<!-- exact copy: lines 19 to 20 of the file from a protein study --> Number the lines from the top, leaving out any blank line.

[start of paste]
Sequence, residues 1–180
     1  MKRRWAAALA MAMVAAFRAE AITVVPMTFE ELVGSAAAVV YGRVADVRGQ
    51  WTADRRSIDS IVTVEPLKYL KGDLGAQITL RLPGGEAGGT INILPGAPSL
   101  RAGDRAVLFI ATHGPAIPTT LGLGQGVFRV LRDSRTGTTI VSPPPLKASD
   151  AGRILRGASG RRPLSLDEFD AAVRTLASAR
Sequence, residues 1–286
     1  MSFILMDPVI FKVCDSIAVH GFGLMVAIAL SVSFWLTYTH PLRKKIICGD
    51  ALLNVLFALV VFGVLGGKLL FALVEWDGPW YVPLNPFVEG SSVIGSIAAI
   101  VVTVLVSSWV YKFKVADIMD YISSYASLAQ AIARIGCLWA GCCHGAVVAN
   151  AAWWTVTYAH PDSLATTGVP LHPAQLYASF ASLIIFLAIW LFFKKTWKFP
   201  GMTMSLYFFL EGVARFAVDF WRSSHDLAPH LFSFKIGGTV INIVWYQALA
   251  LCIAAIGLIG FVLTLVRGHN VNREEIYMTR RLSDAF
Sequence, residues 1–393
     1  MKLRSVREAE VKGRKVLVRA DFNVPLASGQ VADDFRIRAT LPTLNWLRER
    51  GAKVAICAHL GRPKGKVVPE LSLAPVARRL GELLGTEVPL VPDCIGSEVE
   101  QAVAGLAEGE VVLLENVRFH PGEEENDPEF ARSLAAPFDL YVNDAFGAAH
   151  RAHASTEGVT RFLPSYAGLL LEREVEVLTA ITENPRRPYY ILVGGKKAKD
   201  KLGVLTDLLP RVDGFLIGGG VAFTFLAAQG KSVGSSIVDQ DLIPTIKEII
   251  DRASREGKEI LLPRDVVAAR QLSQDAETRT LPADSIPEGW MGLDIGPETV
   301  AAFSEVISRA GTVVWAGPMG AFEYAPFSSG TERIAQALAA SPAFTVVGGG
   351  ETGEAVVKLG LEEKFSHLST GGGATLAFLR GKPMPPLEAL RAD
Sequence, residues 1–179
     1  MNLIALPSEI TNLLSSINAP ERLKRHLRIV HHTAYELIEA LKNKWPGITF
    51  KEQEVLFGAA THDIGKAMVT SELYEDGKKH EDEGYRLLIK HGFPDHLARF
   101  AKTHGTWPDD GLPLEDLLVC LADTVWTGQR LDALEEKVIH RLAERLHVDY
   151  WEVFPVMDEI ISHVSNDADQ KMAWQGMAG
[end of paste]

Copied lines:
   251  DRASREGKEI LLPRDVVAAR QLSQDAETRT LPADSIPEGW MGLDIGPETV
   301  AAFSEVISRA GTVVWAGPMG AFEYAPFSSG TERIAQALAA SPAFTVVGGG